"One of the first things taught in introductory statistics textbooks is that correlation is not causation. It is also one of the first things forgotten." - Thomas Sowell
Today, we take our first look at Fastly (NYSE:FSLY) since we panned the shares at the end of the first half of 2021. The stock has lost three-quarters of its value over the past year and is rapidly approaching the levels it debuted on the market in late 2019. Time to buy the dip? We attempt to answer that question via the analysis below.
Fastly is a cloud provider that is headquartered in San Francisco. The company provides an edge cloud platform network designed to aid developers in building, securing, and delivering digital experiences from their core cloud infrastructure to the edge of the network (i.e., closer to end-users). Its customers include those in digital publishing, media and entertainment, technology, online retail, travel and hospitality, and financial technology services industries.
Compute@Edge is the company's main development platform. This is a developer hub that includes solution library patterns and recipes, API and language references, change logs as well as other services. Fastly also provides edge security solutions, such as DDoS protection. Enterprise customers account for approximately $7 of every $8 of overall sales for the company currently. The stock currently trades just south of $28.00 a share and sports an approximate just north of $3.3 billion.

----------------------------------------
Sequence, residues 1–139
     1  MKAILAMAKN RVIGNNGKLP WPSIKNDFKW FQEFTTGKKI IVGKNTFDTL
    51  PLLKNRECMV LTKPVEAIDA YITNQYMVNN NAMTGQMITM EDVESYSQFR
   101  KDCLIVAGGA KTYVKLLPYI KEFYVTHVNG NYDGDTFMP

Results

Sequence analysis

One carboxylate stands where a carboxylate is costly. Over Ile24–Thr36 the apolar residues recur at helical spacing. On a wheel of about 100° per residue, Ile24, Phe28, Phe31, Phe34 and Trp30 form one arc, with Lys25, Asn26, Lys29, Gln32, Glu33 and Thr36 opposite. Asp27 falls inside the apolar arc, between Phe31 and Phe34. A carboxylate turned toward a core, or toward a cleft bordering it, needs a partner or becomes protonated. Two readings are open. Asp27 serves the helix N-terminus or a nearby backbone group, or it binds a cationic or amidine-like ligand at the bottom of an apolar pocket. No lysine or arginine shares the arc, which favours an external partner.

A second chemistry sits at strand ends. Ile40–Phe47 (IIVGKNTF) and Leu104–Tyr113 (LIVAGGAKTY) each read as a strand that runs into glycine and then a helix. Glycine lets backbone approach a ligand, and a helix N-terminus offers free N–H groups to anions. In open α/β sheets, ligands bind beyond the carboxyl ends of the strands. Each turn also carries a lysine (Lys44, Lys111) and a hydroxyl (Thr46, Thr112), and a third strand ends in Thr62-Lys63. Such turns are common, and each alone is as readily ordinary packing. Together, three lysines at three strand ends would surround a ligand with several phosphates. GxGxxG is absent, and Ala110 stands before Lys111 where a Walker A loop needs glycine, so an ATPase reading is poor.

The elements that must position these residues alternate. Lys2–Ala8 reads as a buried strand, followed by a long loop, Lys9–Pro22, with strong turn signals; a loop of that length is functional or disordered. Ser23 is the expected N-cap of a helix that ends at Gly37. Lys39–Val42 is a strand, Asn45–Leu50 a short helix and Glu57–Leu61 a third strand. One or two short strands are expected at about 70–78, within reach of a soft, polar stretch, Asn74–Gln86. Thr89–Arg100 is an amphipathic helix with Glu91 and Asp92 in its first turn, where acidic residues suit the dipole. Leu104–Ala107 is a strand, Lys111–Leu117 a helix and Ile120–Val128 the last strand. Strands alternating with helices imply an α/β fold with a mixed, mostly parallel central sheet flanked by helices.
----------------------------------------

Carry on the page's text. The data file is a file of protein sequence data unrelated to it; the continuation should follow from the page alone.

On November 3rd, the company posted third quarter results. Non-GAAP EPS came in with a $0.11 loss, seven cents a share above the consensus. The GAAP EPS loss was 48 cents a share, in line with expectations. Revenue came in at $87 million which was up more than 22% from a year-ago period and some $3 million above expectations. Leadership guided Q4 revenue in a range of $90 million to $93 million, which was slightly under the consensus at the time.
For the full year, Fastly has provided revenue guidance calling for between $347 million to $350 million. It should be noted that Fastly had a huge outage in June of last year on its CDN side, that fortunately was resolved quickly. However, this event triggered leadership to reduce full year revenue guidance to $340 million to $350 million in early August. The outage caused Fastly to issue credit to customers, as well as the slowdown of existing traffic expansion, and the loss of a top 10 customer. At the time, the analyst community was expecting just north of $380 million for FY2021.
The company expects to lose 16 to 19 cents a share on a non-GAAP basis in the fourth quarter, again slightly below the existing analyst projections. Fourth quarter numbers should be out shortly as well.
Management also called out some key metrics during the quarter.
It should be noted that GAAP gross margin was 52.5% in 3Q2021 compared to 58.5% in the same period a year ago.
Management outlined an aggressive strategy to achieve $1 billion in annual sales by FY2025 during the earnings conference call. A CAGR of 30% would be needed to achieve this goal, considerably higher revenue growth than the company is currently producing or that analysts are projecting for FY2022 (See Verdict section below). Fastly recently launched its functional free trial version of Compute@Edge for all customers which it hopes will help it get to 100,000 enterprise developers by the end of 2023. Leadership also hopes to see a ten-fold increase in its security business by FY2025.